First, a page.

merit will be as much greater than his lenta:ion of human life; and shall niake as to convince is more than to conquis a free gift of all animated utensils to I am, Sir, your molt obedient fervant, your projector. The hangings you

T. D. tu mesly mentioned are run away; as are likewise a set of chairs, eacli of which was once upon two legs bixing WHEN I acquaint you with the through the Rose Tavern at two this great and unexpugel vicikliudes

We hape, Sir, you will of my fortuge, Loubt n t but I shall Bive proper notice to the town that we obtain your pity and faveur.

I hire Sie eindeavouring at thele regulations; to many years latt pått been Thunder and that we intend for the future to to the play-koute; and hare not only thea na monilers, but inen who are made as m:chile out of the clouds Corverted into tuch by their own indula as any predeceffor of mine in the theiure try and attentation. If you will please to tha. er r bore that chunćter, but al!o. be at the baule to-night, you will lee haave defcender and spoke on the Itige inc do my endeavour to Mew some un. as the Boll Thunder in the Rehari.

When

SIR,

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not

When they got me down thus low, they the loquacious kinds, as parrots, ftarthought fit to degrade me further, and lings, magpies, and others, to imitate make me a gholt. I was contented human voices in greater perfection than with this for these two last winters; but ever yet was practised. They are they carry their tyranny ftill further, only instructed to pronounce words disand not satisfied that I am banished tinctly, and in a proper tone and accent, from above ground, they have given but to speak the language with great me to understand that I am wholly to purity and volubility of tongue, togedepart their dominions, and taken from ther with all the fashionable phrases and me even my fubterraneous employment. compliments now in use either at teaNow, Sir, what I desire of you is, that tables or visiting-days. Those that if your undertaker thinks fit to use fire have good voices may be taught to fing arms, as other authors have done in the newest opera-airs, and, if required, the time of Alexander, I may be a can to speak either Italian or French, paynon against Porus, or else provide for ing something extraordinary above the me in the burning of Persepolis, or what common rates. They whose friends other method you shall think fit. are not able to pay the full prices may SALMONEUS OF COVENT GARDEN. be taken as half-boarders. She teaches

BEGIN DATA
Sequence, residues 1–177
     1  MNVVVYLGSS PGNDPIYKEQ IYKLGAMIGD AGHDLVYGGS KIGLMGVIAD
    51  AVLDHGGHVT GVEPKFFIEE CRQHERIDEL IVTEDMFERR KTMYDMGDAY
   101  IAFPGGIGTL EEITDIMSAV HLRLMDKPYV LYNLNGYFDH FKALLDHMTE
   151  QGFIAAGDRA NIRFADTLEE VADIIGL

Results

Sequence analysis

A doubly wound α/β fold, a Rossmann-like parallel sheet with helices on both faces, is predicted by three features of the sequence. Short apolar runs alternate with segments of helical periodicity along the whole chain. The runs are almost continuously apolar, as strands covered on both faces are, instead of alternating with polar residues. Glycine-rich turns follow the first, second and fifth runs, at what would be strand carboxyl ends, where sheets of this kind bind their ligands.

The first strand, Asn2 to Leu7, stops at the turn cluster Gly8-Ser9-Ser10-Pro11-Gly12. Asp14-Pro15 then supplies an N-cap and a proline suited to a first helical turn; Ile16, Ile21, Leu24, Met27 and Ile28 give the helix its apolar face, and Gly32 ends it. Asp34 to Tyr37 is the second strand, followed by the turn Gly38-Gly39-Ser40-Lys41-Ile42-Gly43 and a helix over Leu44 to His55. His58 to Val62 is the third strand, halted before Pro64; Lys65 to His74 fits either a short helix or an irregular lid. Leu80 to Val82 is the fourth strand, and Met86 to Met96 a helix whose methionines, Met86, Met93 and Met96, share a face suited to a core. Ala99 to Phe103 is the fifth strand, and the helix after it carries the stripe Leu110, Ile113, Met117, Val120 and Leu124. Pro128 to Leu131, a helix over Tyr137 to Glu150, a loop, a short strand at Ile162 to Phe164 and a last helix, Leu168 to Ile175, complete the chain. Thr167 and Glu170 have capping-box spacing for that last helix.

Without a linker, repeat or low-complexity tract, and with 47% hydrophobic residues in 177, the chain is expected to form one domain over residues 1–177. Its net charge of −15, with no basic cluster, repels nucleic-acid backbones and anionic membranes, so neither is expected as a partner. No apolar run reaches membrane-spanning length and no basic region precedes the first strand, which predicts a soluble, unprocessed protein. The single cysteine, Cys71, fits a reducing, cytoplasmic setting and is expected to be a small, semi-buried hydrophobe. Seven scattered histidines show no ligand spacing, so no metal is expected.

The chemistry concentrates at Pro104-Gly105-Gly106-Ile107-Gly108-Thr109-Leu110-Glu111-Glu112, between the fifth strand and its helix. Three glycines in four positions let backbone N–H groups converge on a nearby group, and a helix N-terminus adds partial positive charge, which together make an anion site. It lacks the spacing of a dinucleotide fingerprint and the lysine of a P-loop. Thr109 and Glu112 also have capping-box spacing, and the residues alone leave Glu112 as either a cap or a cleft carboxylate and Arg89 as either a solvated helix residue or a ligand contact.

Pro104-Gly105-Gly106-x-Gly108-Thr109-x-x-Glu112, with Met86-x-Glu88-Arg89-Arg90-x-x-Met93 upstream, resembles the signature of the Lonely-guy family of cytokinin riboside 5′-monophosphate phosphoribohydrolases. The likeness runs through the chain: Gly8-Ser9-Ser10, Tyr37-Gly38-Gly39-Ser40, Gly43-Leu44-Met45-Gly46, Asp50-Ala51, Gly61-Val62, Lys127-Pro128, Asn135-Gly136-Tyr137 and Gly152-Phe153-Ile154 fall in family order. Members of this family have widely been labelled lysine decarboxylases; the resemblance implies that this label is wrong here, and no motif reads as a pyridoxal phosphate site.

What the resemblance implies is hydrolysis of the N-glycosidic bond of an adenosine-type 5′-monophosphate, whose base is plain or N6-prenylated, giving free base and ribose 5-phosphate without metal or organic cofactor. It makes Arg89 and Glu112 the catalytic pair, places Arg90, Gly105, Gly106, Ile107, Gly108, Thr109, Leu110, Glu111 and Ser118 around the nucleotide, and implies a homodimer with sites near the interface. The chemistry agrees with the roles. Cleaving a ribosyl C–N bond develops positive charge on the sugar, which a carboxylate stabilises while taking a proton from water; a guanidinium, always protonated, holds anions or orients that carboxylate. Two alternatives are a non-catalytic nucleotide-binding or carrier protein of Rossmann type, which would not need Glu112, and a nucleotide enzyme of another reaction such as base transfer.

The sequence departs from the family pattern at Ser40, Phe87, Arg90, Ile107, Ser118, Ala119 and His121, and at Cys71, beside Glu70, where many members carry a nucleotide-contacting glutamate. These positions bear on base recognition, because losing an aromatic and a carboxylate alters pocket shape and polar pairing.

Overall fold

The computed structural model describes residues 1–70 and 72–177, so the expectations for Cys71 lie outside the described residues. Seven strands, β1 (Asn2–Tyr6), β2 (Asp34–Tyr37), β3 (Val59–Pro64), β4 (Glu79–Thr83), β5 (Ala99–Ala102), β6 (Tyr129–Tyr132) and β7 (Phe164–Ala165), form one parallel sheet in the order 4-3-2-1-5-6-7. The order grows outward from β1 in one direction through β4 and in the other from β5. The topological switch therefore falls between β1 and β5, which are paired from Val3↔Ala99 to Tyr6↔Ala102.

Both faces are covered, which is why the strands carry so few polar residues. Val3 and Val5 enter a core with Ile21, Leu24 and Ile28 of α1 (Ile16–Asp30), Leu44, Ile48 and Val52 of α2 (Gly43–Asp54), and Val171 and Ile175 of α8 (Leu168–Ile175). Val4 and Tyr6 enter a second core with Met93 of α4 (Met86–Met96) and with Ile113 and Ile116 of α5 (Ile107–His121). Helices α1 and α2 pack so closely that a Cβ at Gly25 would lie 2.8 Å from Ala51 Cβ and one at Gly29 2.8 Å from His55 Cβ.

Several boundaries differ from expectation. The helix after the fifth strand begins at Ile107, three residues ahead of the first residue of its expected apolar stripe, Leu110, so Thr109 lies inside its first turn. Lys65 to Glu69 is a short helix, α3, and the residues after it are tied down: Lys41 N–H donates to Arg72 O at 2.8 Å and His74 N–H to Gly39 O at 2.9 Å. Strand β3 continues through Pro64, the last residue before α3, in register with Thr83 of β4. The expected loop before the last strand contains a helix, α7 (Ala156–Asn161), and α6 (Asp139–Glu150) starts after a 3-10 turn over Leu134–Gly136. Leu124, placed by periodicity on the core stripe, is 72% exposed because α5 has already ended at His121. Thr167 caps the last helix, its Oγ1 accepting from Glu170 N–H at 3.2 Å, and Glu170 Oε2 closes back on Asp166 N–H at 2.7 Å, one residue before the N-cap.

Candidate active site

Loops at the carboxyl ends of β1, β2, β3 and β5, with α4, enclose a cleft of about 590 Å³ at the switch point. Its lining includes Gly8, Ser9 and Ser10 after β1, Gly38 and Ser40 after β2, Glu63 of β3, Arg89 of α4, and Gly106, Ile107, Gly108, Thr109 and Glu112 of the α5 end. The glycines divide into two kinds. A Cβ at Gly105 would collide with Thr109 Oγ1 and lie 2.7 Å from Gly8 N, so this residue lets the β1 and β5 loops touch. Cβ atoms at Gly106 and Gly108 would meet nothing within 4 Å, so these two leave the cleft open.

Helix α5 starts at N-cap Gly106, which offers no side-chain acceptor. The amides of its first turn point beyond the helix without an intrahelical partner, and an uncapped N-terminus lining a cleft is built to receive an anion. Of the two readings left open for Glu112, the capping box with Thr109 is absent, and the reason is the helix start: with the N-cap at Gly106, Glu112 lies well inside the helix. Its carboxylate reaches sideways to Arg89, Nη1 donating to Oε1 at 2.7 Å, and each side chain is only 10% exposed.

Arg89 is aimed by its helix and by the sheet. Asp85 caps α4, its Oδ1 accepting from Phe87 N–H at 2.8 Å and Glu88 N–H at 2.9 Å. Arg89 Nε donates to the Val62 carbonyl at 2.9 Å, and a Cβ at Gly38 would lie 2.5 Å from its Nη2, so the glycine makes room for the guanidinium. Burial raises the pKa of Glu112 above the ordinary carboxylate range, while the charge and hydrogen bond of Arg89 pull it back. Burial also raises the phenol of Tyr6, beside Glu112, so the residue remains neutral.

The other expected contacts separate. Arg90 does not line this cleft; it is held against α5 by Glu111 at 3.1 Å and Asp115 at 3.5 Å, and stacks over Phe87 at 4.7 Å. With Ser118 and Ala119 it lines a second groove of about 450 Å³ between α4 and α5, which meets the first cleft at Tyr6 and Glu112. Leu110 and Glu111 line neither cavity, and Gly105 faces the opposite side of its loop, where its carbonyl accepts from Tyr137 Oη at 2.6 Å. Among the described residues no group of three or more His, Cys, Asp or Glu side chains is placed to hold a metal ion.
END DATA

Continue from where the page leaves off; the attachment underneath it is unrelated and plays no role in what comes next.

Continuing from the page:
such as are designed for the diversion of The petition of all the devils of the the public, and to act in inchanted play-house in behalf of themselves and woods on the theatres, by the great. As families, setting forth their expullion the has often observed with much concern from thence, with certificates of their how indecent an education is usually good life and conversation, and praying given these innocent creatures, which in relief.

some measure is owing to their being The merit of this petition referred to placed in rooms next the street, where, Mr. Chr. Rich, who made them devils. to the great offence of chaste and tender The petition of the Grave.digger in

ears, they learn ribaldry, obscene fongs,

and immodeft expressions from passenHamlet, to command the pioneers in

gers, and idle people, as also to cry the expedition of Alexander. Granted.

fith, and card-matches, with other use

less parts of learning to birds who have The petition of William Bullock, to sich friends; Me has fitted up proper and be Hepheltion to Penkethman the Great,

neat apartments for them in the back Granted.

part of her fait house; where she suffers :

none to approach them but herself, and ADVERTISEMENT,

a servant- maid who is deaf and dumb,

and whom nie provided on purpose to A WIDOW gentlewoman, well born prepare their food and cleanse their both by father and mother's side, being cages; having found by long experience the daughter of Thomas Prater, once how hard a thing it is for those to keep an eininent practitioner in the law, and filence who have the use of speech, and of Letitia Tattle, a family well known the dangers her scholars are exposed to in all parts of this kingdom, having by the strong impressions that are made been reduced by misfortunes to wait on by harth sounds and vulgar dialects. In several great persons, and for some time short, if they are birds of any parts or to be teacher at a boarding school of capacity, she will undertake to render young ladies, giveth notice to the pub- them so accomplished in the compass of lic, that the hath lately taken a house a twelvemonth, that they shall be fit near Bloomsbury Square, commodioully conversation for euch ladies as love to situated next the fields, in a good air; chuse theiy friends and companions out where the teaches all forts of birds of of this species.

R

No XXXVII,